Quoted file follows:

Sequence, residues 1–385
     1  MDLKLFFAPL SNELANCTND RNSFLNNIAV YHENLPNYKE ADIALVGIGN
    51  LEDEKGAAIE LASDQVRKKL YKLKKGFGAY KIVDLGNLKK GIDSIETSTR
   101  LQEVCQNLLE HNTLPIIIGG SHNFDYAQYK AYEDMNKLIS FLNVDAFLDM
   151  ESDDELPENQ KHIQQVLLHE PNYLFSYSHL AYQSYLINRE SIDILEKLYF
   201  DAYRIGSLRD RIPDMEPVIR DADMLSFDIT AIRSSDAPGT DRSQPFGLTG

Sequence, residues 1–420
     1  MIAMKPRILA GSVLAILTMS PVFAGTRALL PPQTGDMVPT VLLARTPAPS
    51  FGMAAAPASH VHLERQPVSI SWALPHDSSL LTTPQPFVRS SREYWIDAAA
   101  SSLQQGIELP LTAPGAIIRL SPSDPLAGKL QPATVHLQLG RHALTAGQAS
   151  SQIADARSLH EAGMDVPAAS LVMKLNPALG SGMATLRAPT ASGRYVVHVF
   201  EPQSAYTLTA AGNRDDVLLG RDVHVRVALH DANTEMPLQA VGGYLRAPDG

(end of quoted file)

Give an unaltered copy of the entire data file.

Sequence, residues 1–385
     1  MDLKLFFAPL SNELANCTND RNSFLNNIAV YHENLPNYKE ADIALVGIGN
    51  LEDEKGAAIE LASDQVRKKL YKLKKGFGAY KIVDLGNLKK GIDSIETSTR
   101  LQEVCQNLLE HNTLPIIIGG SHNFDYAQYK AYEDMNKLIS FLNVDAFLDM
   151  ESDDELPENQ KHIQQVLLHE PNYLFSYSHL AYQSYLINRE SIDILEKLYF
   201  DAYRIGSLRD RIPDMEPVIR DADMLSFDIT AIRSSDAPGT DRSQPFGLTG

Sequence, residues 1–420
     1  MIAMKPRILA GSVLAILTMS PVFAGTRALL PPQTGDMVPT VLLARTPAPS
    51  FGMAAAPASH VHLERQPVSI SWALPHDSSL LTTPQPFVRS SREYWIDAAA
   101  SSLQQGIELP LTAPGAIIRL SPSDPLAGKL QPATVHLQLG RHALTAGQAS
   151  SQIADARSLH EAGMDVPAAS LVMKLNPALG SGMATLRAPT ASGRYVVHVF
   201  EPQSAYTLTA AGNRDDVLLG RDVHVRVALH DANTEMPLQA VGGYLRAPDG